The Poland Model—Promoting ‘Family Values’ With Cash Handouts

This article was originally published in The Atlantic on October 14, 2019, by Fuller Project Correspondent Anna Louie Sussman. 

Jaroslaw Kaczyński, the leader of Poland's governing party, stands at a lectern in front of a banner with his party's policies.

Jaroslaw Kaczyński, the leader of Poland’s governing party, and his colleagues have appealed to voters with the Family 500+ program.

SOBOLEW, Poland—Andrzej and Izabela Gromuł have a lot going on, with three boys ranging from 5 to 12, and a daughter on the way. On the warm Saturday afternoon that we spoke, the grassy backyard of their home in this small town was filled with toys, bicycles, and laundry drying in the sun; stairs off the foyer led to an unfinished attic, soon to be a playroom for the children.

Yet money is not tight. In recent years, the family has gone on a skiing vacation, and the couple just took their first trip to Italy for a romantic vacation. Andrzej works in construction and Izabela sells construction materials, but their newfound taste for travel, they said, came courtesy of Poland’s ruling party, Law and Justice.

The party, known as PiS, its Polish acronym, came to power in 2015 after campaigning on its flagship Family 500+ program, a monthly allowance of 500 złoty (about $125) per child for each kid after the first, or for single children in low-income families. Since the program went into effect, the Gromułs have been collecting 1,000 złoty a month, or nearly half of Poland’s minimum wage. That income will soon double once their daughter is born and their first son is included—the program has now expanded to cover all children. The kids are getting a taste for the high life, they joke, and are clamoring to visit Italy too.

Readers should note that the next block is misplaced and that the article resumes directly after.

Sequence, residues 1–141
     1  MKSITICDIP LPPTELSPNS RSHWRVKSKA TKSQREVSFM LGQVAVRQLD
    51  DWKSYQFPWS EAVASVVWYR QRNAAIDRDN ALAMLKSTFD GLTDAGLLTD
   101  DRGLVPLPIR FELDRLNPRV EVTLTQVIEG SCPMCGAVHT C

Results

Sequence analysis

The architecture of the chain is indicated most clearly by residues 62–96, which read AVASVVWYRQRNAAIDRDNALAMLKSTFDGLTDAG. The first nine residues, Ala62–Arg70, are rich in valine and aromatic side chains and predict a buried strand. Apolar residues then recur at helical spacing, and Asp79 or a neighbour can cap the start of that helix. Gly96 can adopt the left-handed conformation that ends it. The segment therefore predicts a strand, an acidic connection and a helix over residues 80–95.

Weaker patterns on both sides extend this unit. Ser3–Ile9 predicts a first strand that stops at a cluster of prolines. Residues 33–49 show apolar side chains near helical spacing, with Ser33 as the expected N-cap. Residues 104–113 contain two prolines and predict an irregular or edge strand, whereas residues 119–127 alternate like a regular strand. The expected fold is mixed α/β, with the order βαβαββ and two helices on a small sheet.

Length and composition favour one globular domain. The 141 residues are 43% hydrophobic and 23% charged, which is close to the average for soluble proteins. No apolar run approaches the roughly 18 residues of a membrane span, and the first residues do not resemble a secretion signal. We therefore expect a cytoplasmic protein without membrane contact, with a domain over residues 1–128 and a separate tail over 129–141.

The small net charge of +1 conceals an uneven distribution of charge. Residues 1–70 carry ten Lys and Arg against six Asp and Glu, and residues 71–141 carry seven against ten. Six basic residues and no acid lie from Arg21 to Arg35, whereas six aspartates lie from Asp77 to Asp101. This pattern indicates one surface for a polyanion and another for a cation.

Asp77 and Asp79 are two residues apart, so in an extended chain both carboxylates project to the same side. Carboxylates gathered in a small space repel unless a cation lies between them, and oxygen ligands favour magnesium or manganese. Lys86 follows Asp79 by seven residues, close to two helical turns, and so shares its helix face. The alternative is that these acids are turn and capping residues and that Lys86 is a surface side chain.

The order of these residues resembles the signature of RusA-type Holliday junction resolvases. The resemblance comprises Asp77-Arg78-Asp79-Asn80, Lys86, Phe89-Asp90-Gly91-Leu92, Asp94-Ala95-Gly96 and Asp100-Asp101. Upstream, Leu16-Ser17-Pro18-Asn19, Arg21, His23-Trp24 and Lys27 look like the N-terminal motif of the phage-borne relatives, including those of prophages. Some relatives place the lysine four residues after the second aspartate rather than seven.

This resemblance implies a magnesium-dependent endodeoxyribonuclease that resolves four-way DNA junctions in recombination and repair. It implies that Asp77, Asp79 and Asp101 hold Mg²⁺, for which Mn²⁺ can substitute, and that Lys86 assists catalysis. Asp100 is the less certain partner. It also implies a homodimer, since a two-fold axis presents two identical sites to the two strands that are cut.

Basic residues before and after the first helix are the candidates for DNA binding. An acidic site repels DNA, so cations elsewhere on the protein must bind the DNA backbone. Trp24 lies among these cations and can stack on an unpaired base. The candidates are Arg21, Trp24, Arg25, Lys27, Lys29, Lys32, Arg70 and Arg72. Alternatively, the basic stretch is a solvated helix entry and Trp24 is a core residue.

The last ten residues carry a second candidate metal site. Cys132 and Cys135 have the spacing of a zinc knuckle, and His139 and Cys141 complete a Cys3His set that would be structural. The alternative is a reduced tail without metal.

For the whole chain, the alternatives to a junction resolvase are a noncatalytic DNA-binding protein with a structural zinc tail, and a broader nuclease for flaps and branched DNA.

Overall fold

“Now we don’t have to think twice about every expenditure,” Andrzej told me. “There are some crazy people in PiS … but still, these last couple of years show they actually did something, and our situation is better.”The populist parties of Eastern Europe are widely viewed from afar as a nasty gang of bigoted nationalists with a thinly veiled penchant for authoritarianism. But critics overlook a key part of their appeal: They have channeled serious money to voters in the name of shoring up the “family values” they say are under siege from secular Europe. These parties, such as PiS and Viktor Orbán’s Fidesz party, in Hungary, have found electoral success by combining a right-wing vision of society with state largesse. The Family 500+ program in particular, with its catchy title, neat round number, and wide reach, has become a model for other countries in the region, where declining birth rates and immigration of native-born citizens to more prosperous European countries have sparked demographic panic.

Read the full article here. 


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